The leader of the Kramer family is WWI veteran, John P. Kraemer. After moving to the area, Kraemer forms the Templeton-Sussex Advancement Association with a goal of undertaking community betterment projects and an opportunity arises in the night of Jan. 30, 1922, when the new Sussex Main Street School catches fire and burns to the ground. The cause of the fire was never determined. Some speculated it was spontaneous combustion from recently delivered coal while others say arson. One reason the building was claimed was because Sussex and Lisbon did not have a fire department.
The men in the Templeton-Sussex Advancement Association quickly stepped forward to form a community fire department. By May of 1922, the department was in place with 33 members. A fire truck was purchased, training instituted with monthly meetings and fundraising opportunities in the community. John P. Kraemer is considered the "Father of the Sussex Fire Department."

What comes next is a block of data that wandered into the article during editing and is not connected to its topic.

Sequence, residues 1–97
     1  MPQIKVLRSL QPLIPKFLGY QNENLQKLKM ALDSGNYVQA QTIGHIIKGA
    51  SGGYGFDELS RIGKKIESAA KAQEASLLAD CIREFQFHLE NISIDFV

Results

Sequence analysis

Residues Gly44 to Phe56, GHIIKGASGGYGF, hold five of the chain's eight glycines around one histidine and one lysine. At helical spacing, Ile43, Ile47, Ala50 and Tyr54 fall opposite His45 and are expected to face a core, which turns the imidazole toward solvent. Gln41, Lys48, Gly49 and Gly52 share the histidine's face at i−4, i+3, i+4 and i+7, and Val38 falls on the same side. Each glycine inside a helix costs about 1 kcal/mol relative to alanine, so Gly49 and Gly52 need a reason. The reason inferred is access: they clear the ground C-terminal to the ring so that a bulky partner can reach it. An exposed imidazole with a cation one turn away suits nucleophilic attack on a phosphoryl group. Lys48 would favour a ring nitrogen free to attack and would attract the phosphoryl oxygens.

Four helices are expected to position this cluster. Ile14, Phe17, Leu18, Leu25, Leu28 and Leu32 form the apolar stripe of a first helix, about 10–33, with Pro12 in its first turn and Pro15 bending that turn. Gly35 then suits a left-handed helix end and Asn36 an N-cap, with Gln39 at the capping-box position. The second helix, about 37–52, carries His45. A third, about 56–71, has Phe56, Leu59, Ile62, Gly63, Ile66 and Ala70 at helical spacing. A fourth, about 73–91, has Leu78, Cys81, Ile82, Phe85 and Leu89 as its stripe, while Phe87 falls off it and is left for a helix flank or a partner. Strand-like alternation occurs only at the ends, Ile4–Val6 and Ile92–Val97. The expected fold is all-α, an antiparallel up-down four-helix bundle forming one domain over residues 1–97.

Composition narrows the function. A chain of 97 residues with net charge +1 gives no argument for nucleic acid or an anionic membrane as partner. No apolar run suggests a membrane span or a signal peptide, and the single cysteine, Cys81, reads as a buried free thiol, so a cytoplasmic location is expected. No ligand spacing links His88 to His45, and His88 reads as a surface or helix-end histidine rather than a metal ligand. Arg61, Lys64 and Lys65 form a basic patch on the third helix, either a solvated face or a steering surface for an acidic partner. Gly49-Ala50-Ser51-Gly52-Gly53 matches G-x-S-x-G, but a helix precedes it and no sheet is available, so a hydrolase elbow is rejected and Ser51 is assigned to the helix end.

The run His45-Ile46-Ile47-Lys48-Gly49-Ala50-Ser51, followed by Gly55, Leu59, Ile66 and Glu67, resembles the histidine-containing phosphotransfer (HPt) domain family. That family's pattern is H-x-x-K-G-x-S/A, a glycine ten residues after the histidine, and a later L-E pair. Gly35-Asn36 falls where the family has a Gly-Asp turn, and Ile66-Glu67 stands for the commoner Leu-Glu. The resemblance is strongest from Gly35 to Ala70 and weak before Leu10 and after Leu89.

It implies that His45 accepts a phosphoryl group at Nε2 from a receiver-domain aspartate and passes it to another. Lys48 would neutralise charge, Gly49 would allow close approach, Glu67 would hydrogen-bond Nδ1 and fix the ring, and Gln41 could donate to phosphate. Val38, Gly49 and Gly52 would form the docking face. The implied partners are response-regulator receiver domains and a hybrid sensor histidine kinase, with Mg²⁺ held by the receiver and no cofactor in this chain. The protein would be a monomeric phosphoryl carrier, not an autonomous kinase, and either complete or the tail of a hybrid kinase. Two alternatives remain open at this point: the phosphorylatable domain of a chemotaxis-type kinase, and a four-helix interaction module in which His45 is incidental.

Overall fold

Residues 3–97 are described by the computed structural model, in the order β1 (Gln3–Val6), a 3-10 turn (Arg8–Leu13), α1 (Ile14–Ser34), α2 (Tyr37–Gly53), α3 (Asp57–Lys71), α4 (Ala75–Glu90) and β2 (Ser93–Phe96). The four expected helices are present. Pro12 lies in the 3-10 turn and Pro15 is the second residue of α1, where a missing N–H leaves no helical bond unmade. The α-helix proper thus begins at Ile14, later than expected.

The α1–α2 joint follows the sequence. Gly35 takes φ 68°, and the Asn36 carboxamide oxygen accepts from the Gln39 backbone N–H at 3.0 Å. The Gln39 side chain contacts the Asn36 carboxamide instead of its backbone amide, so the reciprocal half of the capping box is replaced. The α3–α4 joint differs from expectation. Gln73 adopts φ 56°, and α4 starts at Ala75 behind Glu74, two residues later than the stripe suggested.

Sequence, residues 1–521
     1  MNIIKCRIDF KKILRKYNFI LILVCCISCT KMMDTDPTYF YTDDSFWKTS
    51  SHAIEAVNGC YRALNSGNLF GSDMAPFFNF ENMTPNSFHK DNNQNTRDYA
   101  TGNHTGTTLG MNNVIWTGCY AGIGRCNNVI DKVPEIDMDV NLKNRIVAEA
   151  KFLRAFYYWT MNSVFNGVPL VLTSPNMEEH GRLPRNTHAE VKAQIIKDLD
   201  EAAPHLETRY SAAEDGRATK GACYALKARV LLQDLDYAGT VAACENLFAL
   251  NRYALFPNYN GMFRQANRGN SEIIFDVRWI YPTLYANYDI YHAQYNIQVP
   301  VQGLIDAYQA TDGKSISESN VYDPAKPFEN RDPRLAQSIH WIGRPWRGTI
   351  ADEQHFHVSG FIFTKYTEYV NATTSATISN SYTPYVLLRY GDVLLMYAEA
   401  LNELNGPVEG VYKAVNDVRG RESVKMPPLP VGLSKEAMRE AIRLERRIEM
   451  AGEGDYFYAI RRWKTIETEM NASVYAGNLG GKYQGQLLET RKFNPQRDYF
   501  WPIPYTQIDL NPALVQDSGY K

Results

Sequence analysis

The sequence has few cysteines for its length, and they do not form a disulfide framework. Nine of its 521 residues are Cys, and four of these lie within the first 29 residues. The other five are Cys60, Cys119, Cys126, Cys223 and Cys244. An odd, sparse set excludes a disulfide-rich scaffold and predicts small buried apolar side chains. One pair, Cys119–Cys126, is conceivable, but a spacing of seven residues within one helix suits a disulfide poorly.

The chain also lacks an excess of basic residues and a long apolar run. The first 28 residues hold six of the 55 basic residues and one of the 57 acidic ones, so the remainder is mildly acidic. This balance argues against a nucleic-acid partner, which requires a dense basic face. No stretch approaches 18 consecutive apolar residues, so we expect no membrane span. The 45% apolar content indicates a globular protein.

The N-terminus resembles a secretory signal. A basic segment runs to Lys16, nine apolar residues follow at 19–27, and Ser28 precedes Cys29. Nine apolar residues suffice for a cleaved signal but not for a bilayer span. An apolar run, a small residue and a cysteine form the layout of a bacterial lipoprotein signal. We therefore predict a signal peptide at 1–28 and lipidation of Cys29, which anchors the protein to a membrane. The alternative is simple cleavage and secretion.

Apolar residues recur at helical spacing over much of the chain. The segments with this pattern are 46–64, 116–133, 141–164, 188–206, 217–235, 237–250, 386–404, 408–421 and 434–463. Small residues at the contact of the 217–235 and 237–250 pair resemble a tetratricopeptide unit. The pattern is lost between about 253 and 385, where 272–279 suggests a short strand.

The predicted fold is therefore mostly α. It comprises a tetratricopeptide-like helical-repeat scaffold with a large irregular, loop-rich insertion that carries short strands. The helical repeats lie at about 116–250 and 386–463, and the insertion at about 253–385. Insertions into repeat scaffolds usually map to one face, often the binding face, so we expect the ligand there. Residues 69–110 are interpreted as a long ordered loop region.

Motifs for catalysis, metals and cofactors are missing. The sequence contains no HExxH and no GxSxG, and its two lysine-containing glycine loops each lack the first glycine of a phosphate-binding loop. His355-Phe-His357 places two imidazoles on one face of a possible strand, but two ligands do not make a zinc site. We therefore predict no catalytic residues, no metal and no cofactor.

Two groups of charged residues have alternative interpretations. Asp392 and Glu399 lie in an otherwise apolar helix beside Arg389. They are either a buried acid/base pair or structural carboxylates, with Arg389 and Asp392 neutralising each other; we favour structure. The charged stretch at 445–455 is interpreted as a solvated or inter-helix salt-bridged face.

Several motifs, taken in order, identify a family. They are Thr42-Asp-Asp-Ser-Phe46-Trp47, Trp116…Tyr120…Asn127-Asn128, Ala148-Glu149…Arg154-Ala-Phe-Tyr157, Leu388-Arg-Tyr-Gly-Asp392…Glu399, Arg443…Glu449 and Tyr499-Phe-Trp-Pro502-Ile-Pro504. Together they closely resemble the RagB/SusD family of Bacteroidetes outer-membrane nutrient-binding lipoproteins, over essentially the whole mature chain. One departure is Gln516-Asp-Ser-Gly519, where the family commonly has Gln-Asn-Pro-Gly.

So successful was this formation of the fire department that the advancement association started to push for the separation of Sussex into an incorporated community including Templeton.
The initial petition had the boundaries of the proposed village including part of the Maple Avenue, and personal property which today is west Sunset, Hickory Drive, Oak Drive and Circle, but this petition was refused by the courts. On June 30, 1924 a new petition was drawn up that included around 615 acres of old Sussex and newer Templeton. Sixteen men, 10 from the new Sussex fire department and six other prominent local men added their names to the petition of June 30, 1924 and it was accepted. Voters approved the petition on Aug. 19, 1924 with 113 voting for incorporation and 78 against. In September of 1924, Sussex and Templeton left the Town of Lisbon with the name Templeton eventually disappearing and Sussex being the moniker of the newly incorporated village.